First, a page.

It is amazing what you can learn when you keep your eyes and ears open, provided you can find the time to use them. That is what I experienced during the POWER-GEN Europe conference and exhibition in Milano, Italy on 21-23 June, 2016. There were quite a number of interesting presentations on decentralized energy technologies and applications. Especially highlighted were the new features of decentralized systems with respect to a rapid response to required load changes, quick starting and fast ramping up and down of the output. Decentralized energy is very suitable to efficiently and economically fill the gaps between electricity production and consumption that baseload power plants leave, and that wind and solar-based generators especially create. This must be nothing new to you, our readers; for me it was a welcome confirmation of our common belief.

Usually obligations keep me from attending the sessions on generators, but this time the organizing Chair asked me to join one. Four panellists discussed the effects leading to wear and aging of synchronous generators. I always took the generator for granted when analyzing and discussing the dynamic behaviour of decentralized electricity generating units. Designing and drawing a generator was one of the tasks for my first degree in engineering. I did all the calculations on, e.g., magnetic flux, the gap between rotor and stator, electrical resistance and mechanical strength. However, I never took into account the stress on the machine resulting from temperature gradients during a rapid change in load. In practice, during and immediately after a fast increase in load, the windings and the surrounding material do heat up rapidly, but it takes a while before the rest of the machine reaches its equilibrium thermal situation. One panellist revealed that the additional stresses during a ‘normal’ startup results in some 30 equivalent hours of running. However, during very rapid loading or unloading, much higher stresses might occur. Consequently, generator design must also be adapted to allow dynamic operation without suffering excessively from wear. I always ignored this when promoting the flexibility of decentralized generation units. Even experienced engineers can see certain elements in a system as a ‘black box’ without considering the contents. Personally, I should have known better, since a few years ago I was asked to find the root cause of frequent damage to a large synchronous motor. It appeared then that thermal stresses during extremely rapid loading by the operators created an unusual shape of the shaft of the motor, resulting in destructive contact between stator and rotor. I hope that this magazine can soon receive an interesting article on generators that can reliably accept fast load changes.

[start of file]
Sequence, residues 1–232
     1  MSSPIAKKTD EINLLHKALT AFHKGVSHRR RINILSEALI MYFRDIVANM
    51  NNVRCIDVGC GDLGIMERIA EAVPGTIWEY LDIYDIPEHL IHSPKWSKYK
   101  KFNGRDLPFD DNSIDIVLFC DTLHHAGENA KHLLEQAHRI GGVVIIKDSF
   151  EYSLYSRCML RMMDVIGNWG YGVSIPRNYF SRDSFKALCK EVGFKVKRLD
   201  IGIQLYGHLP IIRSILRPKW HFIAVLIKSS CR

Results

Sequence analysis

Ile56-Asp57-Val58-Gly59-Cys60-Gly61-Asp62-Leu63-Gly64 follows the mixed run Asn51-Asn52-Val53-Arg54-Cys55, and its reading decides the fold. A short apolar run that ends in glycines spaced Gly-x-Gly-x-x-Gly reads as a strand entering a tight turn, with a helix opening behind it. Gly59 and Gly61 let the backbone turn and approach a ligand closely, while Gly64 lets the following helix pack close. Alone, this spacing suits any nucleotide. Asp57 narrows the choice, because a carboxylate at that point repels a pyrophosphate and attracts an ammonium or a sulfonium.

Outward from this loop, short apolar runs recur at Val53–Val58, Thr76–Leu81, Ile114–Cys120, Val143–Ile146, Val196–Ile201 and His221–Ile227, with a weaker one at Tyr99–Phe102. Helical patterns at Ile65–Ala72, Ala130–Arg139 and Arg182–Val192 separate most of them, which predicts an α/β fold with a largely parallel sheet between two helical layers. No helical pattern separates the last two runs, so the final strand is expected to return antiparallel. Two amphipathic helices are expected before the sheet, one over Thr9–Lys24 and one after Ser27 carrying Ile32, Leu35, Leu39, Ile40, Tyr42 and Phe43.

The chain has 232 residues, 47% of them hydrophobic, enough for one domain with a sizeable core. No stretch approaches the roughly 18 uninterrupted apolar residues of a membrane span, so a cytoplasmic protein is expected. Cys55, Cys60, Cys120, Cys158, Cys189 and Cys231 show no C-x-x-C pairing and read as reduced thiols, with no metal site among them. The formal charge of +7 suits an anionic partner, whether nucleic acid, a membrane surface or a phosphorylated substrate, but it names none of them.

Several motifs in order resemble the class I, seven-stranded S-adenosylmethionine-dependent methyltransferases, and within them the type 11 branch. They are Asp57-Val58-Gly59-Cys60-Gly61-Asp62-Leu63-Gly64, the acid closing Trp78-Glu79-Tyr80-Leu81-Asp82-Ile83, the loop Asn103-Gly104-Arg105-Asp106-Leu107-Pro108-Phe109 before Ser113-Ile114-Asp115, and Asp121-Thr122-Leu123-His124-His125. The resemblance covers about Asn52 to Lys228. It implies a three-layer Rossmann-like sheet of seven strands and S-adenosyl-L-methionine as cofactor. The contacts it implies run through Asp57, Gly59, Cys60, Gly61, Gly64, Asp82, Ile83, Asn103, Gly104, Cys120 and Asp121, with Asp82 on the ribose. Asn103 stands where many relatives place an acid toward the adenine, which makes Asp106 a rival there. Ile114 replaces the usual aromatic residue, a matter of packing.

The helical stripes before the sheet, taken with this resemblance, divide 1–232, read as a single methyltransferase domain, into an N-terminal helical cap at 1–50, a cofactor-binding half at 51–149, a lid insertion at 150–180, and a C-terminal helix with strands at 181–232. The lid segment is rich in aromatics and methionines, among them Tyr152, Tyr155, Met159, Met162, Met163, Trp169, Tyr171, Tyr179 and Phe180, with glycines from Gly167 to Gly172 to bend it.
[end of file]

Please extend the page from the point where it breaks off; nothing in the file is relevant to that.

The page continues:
Another eye-opener occurred at the exhibition when I met two representatives of a company that produces plastic inserts for exhaust gas ducts. Cogeneration installations that apply condensation of exhaust gases to capture the latent energy can have a fuel efficiency close to 100% based on the lower heating value of the fuel. However, corrosion of the stainless steel ducts downstream of the condenser sometimes takes place. That means traces of nickel and chromium end up in the condensate stream, which has negative consequences for the environment. The gentlemen told me that they could produce any size of insert so that corrosion could be prevented. They promised to write an article for our magazine.

These are just a few illustrations of how useful it can be to attend an event such as a POWER-GEN conference and exhibition. Just sitting behind your desk and hoping that the necessary information will automatically come to you will never work. Networking, and open ears and eyes, are required for that.

Dr Jacob Klimstra, Managing Editor